Saturday, June 7, 2014

The ADB: Its Evolving Role

The Asian Development Bank (ADB) has been and continues to be an important partner of Asian countries in achieving poverty reduction. During the last five years, ADB has provided roughly $95 billion in development assistance to the region. The role of ADB in the development of Asia and the Pacific is briefly discussed in this essay.
The Asian Development Bank (ADB) was established on December 19, 1966 in Manila, Philippines. It was conceived to foster economic growth and cooperation in Asia which was then one of the poorest regions in the world. During its first years, the focus of ADB’s operations was on provision of assistance in food production and rural development. It was in the 1970s that the assistance extended into the education and health sectors. In the latter part of the decade, the gradual rise of Asian economies has increased demand for investments in infrastructure and industry development and therefore the ADB responded to this need. In addition, the oil price shock during the 1970s has led the bank to also support in development of domestic energy sources.

ADB’s focus on infrastructure and energy projects continued in the 1980s while its support to social infrastructure including microfinance, gender, education, health, urban planning, and environment also continued. In the 1990s, the ADB began promoting regional cooperation such as that for the Greater Mekong Sub-region. When the financial crisis struck in 1997, ADB responded through programs that strengthen the financial sectors and develop social safety nets for the poor. It was towards the end of the 1990s when the ADB adopted poverty reduction as its overarching goal.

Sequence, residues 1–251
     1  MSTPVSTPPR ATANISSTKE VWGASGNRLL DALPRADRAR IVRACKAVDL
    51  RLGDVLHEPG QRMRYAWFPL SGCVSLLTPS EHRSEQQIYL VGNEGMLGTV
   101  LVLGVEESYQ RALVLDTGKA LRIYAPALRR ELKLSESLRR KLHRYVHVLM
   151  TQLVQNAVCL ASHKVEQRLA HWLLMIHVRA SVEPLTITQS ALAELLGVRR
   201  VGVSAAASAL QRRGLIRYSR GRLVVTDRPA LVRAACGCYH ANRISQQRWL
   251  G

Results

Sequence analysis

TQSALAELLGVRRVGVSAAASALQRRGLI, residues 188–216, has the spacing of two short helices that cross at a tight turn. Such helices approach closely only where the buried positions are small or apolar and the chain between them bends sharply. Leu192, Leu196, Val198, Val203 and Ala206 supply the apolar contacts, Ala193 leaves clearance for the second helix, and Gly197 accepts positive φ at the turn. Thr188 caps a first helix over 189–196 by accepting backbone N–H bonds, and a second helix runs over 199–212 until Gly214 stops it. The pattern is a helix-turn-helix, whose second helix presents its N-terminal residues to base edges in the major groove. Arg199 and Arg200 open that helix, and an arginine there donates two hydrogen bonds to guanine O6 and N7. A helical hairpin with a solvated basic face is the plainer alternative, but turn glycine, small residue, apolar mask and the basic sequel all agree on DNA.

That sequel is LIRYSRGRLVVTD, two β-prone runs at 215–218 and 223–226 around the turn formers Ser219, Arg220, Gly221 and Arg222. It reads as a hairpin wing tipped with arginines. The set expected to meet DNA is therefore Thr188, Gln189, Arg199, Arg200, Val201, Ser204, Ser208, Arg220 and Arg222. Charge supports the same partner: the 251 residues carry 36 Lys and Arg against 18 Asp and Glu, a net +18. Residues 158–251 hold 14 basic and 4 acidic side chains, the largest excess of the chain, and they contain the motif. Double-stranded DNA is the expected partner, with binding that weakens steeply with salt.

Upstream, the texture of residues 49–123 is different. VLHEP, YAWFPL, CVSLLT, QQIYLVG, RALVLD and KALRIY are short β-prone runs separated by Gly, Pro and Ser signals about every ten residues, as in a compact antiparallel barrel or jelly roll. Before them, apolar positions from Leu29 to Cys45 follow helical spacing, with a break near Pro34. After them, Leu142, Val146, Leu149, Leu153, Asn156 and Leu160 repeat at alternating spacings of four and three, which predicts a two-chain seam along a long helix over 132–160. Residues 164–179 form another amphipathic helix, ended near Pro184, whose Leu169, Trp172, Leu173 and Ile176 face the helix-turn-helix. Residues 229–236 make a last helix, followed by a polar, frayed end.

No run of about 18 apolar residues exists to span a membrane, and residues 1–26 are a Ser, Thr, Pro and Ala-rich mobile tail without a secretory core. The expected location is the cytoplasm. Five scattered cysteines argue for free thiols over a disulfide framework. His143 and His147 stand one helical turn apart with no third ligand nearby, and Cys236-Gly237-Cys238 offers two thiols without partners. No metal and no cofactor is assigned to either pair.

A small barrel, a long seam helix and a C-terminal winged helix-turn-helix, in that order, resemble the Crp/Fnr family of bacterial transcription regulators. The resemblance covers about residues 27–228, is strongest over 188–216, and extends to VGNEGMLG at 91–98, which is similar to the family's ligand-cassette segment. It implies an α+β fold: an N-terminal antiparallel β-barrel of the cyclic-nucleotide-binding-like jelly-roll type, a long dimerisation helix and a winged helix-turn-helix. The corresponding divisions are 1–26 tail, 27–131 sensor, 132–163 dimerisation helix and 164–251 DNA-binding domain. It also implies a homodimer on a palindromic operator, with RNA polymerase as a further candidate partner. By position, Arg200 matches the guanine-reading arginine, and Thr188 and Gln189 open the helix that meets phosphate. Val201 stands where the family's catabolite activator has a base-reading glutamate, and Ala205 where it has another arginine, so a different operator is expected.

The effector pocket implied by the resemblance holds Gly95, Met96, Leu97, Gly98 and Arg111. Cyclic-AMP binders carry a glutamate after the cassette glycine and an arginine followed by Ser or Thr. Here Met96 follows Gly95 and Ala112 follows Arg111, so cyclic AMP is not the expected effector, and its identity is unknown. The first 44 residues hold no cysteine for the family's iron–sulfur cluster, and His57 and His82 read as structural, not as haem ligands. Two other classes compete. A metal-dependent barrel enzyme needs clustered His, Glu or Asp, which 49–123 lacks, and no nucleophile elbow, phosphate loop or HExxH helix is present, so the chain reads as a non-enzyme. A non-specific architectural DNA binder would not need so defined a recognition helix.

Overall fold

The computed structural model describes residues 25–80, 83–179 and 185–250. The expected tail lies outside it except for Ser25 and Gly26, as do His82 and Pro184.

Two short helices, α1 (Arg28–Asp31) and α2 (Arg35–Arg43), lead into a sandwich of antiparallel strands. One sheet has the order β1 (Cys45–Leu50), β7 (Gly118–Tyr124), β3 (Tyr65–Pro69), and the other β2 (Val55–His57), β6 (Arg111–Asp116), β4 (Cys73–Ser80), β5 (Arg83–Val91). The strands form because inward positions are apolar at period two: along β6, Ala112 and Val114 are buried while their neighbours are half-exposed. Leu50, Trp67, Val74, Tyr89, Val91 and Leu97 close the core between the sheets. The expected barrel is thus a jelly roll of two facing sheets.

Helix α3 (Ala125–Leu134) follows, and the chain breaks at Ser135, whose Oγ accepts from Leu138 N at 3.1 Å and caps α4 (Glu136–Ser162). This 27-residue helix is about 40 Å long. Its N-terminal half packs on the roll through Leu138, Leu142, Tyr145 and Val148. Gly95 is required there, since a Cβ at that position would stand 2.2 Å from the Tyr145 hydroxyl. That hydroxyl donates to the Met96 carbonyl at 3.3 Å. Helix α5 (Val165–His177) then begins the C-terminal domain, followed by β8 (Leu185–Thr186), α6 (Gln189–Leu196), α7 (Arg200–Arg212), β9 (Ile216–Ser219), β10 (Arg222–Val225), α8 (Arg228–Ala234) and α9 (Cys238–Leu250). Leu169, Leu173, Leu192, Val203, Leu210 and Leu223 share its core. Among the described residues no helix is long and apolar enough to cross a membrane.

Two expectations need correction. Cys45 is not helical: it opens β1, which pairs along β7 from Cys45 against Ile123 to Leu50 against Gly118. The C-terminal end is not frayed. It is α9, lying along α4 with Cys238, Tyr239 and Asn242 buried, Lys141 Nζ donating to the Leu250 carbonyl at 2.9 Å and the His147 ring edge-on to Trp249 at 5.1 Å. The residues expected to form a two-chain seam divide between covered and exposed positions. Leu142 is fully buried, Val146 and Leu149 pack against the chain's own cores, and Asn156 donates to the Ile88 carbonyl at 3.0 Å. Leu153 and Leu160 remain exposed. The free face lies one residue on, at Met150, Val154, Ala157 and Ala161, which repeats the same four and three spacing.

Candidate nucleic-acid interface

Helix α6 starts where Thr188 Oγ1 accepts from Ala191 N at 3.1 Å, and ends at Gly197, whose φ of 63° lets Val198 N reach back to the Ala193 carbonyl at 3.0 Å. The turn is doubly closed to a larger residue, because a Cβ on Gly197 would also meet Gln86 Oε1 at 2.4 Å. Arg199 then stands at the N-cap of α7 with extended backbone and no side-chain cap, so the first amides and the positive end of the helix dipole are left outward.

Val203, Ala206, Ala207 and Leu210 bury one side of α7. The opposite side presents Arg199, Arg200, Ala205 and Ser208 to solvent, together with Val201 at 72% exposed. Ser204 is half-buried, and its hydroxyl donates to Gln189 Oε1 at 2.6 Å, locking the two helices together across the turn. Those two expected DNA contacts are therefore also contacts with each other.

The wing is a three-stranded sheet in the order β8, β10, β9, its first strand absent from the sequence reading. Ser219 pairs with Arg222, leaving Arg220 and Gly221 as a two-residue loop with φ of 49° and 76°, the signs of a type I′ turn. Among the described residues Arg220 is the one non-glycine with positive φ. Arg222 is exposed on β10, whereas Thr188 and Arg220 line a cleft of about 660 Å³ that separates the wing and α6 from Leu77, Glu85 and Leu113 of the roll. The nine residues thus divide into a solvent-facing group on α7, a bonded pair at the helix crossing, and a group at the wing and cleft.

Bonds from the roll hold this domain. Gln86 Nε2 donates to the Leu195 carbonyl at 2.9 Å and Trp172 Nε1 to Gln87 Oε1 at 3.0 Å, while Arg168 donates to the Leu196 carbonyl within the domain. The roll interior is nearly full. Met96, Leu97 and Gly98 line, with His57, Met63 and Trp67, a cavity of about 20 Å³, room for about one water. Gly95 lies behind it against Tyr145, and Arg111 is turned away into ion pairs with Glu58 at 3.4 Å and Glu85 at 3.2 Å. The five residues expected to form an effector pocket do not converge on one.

During the early part of the 21st century, ADB recognized the importance of regional cooperation especially when the region was hit by severe acute respiratory syndrome (SARS) epidemic. Aside from this, the region is prone to many natural calamities such as typhoons, the El-NiƱo phenomenon, and tsunamis. ADB committed into assisting member countries respond to different calamities.

At present and up to 2020, the organization’s strategy is embodies in its long-term strategic framework called Strategy 2020. To achieve its objectives, the ADB boosted its capital base by 200 percent in 2009 from $55 billion to $165 billion. This strategy shows three key agendas – inclusive economic growth, environmentally sustainable growth, and regional integration. All these lead to its overarching goal of poverty reduction.  These agendas are highlighted because despite the rapid economic growth of the region, there remain a lot of countries lagging behind. At the same time, the rapid economic progress puts a heavy strain on the environment warranting the urgent need to address environmental concerns in a more concrete way. Moreover, regional integration is an important approach to improve connectivity thereby enhancing trade that improve livelihood and fostering better communication among neighbouring countries in addressing environmental issues that transcend boundaries.